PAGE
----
TEKsystems, Inc. v. Hammernick, No. 10-99819 (D. Minn., Filed 3/16/2010). [Link to Complaint (PDF)]
Here is an interesting lawsuit that is bound to convince some employers that social media is causing the sky to fall (to the extent they’re not thinking that already).
An IT headhunting company that does business in the Twin Cities area of Minnesota has filed suit against a former recruiter-employee for breach of her noncompetition agreement. The complaint says that she violated that agreement when she connected on LinkedIn with 20 of the candidates her old firm was working with.
One thing that’s missing from the allegations is when the defendant made these allegedly improper LinkedIn connections. Did she already have them as connections when she left the plaintiff’s employment or did she invite them to connect after she left? The distinction seems like it would be relevant.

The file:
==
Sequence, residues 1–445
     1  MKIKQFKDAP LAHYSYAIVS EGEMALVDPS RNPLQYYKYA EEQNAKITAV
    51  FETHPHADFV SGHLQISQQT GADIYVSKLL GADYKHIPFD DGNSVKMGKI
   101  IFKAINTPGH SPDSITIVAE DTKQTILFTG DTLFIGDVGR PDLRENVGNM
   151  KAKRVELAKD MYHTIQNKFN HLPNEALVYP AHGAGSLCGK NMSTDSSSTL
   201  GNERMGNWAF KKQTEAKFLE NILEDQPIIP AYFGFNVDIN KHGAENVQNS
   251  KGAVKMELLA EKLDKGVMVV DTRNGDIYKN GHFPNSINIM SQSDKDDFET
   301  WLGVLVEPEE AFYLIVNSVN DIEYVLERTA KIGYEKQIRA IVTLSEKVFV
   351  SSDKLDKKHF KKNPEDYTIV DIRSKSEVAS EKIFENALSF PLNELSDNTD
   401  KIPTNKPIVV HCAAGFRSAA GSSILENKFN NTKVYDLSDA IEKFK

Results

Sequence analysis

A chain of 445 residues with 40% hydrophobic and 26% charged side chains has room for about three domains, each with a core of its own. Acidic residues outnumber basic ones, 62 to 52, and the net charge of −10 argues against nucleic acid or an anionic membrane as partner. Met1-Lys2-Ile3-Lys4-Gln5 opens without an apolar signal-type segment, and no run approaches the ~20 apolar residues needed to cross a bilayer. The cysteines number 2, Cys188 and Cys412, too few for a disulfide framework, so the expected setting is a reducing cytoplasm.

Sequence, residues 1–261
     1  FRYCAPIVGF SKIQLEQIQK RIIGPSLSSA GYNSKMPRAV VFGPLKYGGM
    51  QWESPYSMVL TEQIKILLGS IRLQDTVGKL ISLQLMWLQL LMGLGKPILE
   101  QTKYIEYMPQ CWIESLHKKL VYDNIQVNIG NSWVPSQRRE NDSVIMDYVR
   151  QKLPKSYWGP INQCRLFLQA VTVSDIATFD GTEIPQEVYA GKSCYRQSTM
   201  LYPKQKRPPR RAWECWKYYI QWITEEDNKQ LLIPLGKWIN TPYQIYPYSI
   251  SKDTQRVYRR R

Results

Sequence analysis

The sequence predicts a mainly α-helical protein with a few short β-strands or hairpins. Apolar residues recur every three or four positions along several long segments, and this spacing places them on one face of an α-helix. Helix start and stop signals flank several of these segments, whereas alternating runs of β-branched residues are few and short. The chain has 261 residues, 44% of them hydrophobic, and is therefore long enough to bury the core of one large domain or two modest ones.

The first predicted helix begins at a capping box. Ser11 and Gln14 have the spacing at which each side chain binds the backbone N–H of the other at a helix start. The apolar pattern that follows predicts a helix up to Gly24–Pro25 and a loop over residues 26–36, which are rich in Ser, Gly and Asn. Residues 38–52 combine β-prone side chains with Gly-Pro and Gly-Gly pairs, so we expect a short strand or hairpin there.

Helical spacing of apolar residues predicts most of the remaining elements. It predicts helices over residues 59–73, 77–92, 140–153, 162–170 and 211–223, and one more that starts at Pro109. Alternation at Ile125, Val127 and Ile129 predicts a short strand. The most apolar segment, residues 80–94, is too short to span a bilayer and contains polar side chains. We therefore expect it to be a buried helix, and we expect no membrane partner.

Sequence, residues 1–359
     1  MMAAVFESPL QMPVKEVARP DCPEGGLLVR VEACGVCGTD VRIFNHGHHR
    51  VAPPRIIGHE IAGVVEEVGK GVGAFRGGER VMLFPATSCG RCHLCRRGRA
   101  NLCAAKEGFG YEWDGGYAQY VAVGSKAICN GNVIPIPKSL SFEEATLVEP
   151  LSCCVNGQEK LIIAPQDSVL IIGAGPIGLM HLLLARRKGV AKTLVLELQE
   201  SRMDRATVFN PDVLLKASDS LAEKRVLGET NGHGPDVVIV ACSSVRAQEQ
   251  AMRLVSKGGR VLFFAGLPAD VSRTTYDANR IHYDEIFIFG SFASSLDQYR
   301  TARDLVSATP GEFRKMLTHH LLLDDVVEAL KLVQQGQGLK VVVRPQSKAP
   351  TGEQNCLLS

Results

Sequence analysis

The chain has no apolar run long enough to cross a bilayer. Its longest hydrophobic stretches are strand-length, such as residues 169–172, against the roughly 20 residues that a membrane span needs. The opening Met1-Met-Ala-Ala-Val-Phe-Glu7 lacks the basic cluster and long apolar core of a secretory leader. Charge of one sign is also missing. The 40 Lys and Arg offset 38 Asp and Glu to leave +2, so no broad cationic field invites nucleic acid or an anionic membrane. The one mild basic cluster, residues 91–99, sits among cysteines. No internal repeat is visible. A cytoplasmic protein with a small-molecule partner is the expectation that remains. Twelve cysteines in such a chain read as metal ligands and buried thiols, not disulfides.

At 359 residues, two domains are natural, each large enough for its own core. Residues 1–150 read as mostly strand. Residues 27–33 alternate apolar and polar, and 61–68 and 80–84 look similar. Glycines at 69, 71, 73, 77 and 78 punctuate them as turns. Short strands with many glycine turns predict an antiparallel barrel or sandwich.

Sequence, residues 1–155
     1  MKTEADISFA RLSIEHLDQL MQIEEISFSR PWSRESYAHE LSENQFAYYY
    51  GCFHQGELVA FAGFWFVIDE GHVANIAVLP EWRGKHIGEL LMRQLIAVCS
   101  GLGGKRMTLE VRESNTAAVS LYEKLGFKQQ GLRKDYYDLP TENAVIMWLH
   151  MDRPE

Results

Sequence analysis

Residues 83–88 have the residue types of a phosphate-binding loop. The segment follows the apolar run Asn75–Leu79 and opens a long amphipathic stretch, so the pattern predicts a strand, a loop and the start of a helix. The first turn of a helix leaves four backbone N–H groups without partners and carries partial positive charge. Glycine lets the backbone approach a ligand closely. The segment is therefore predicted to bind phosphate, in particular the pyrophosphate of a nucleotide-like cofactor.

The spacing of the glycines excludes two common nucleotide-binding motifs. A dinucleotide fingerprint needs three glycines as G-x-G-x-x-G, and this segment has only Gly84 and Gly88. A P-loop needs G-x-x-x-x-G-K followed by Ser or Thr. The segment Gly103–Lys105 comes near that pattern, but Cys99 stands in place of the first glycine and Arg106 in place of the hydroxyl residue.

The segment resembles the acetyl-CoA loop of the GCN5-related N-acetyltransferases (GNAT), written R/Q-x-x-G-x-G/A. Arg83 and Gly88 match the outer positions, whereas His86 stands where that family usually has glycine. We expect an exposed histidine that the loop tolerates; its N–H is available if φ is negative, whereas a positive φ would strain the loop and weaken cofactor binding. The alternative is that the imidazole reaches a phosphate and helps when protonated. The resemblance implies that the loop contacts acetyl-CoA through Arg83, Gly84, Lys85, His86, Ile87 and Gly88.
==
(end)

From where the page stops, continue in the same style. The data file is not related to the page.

No doubt this case should get some attention due to the novelty of the allegations, namely, that the defendant used a social networking site to break the law. But as thinking persons, we should be careful not to sensationalize these facts. When you stop and think about it, how does the fact that the defendant may have used LinkedIn really differentiate the case from one in which she would have used a more conventional form of communication to solicit?